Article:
This posting is dedicated to JAMES JOSEPH BUJNO.

Although I never met Jim, (his sister, Sandy, is my friend), I learned some things about him as his friends and family paid tribute at his memorial service on Saturday, April 21st.

I looked at the photograph collages displayed at his service and it was clear that he was a man who was full of life. His smile was huge and his spirit, even larger; there was just no denying it. Picture after picture, he was surrounded by smiling friends and family. I suspect he was greatly responsible for those happy faces, as I couldn’t help but grin as I looked at them.

I learned that he was a really good man who loved life and having fun. He loved shooting pool, bowling, golfing, riding his motorcycle, dirt bikes, and hunting, boating, snowmobiling, and playing video games. He loved watching hockey and the Red Wings. Someone named the things he loved to do. I remember, it was like, everything. Wow, the guy knew how to live. He was a wonderful son, brother, father, and uncle, and he had A LOT of friends.

Every time one of them reminisced about him, they smiled. Even as their tears flowed . . .

What a testament to a man.

I sat, reflecting on the crowded room of tearful, smiling, grieving faces, and thought about the man who had brought them all together and how they honored him.

Anyone would be so lucky to be remembered that way . . . but not everyone would be so deserving of it. It is obvious that he was.

And so, this remarkable man whom I never met has inspired this week’s blog. He brought me to a place I needed to revisit.

This one’s for you, Jimmy Bujno, a man who lived life well.


I sat at a funeral recently and was profoundly touched at the sight of those in mourning. What honor they bestowed upon their loved one with their presence, words, and tears.

I’ve given many eulogies over the years. Too many times I’ve stood at the podium singing the praises of someone I had loved and lost. At times I wondered who would be left to sing for me. And when I looked around, it broke my heart; there was no one.

I had to take a close look at why. And then I needed to climb the steep steps to change. I needed to make some important adjustments in ME and the way I was behaving and living. And I had to learn to be a better friend. And I am learning; because I have some pretty amazing girlfriends who teach me by example every day.

Now, I’m pretty sure, there would be someone to say a kind word or two on my behalf after I’m gone.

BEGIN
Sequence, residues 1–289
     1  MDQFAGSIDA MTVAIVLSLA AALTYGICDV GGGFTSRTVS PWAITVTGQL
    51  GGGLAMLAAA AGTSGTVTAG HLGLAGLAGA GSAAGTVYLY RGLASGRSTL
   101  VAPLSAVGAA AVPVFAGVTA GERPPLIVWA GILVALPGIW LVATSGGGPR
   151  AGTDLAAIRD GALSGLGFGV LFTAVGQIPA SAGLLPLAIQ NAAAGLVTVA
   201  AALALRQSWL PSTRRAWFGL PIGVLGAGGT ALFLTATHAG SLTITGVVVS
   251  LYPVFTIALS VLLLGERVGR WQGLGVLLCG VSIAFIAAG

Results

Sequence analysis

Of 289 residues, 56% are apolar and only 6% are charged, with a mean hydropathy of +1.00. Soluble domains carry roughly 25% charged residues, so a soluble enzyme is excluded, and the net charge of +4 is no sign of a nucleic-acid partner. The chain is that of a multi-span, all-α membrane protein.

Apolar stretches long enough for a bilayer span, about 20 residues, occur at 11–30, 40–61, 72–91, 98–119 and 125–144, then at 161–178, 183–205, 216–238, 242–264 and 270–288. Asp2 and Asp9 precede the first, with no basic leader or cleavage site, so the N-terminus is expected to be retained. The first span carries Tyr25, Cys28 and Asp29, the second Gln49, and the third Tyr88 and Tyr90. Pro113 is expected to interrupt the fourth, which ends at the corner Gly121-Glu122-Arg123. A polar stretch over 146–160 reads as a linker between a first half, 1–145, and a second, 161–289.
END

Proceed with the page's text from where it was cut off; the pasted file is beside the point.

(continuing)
A friend jokingly told me that she was working on the photo collage for her “someday funeral” NOW because she didn’t trust her sons to pick out her best, most flattering pictures. Although we mused over this, it got me to thinking.

NOW IS THE TIME to create the memories and live the experiences that are reflected in those wonderful photograph collages. And NOW IS THE TIME to become the person worthy of the eulogy that I would want spoken in my honor.

But I had to wonder, “How would I be remembered?”

Upon reflection, these are the words that I would want spoken:

“Julia was a kind and compassionate Christian woman who helped people and animals humbly and without expectation. Through her writing she shared her greatest weaknesses and joys in an effort to comfort, share, and show a new perspective. She was honest, brave, and passionate. She strived to be a better person, lived life to the fullest; made us laugh, and was well-loved. She was a good friend.”

Just as my friend gathers the pictures she hopes will be displayed at her own memorial service one day, I will strive to live my life NOW in a way that will earn me these words LATER.

We determine how we are to be remembered.

Tell me, what do you want your eulogy to say?

Categories: Family, Friends, Grief/Healing, Inspiration/Motivation | 26 Comments


My sister, Teri, was the eldest of six kids. She was popular, pretty, and had long, black hair that she used to iron on an ironing board to straighten, or sometimes she wrapped it around orange juice cans atop her head to achieve a perfect wave. She was beautiful, bold, and brave, and gosh, I loved her.

At the age of 17, rebellious and troubled, she hopped in her car and began her journey in search of herself and her place in the world. But after many years of wandering, some failed marriages, and an untreated mental illness, she ended up living in a drafty wooden shack, on a tiny patch of dirt, in an obscure little Texas town.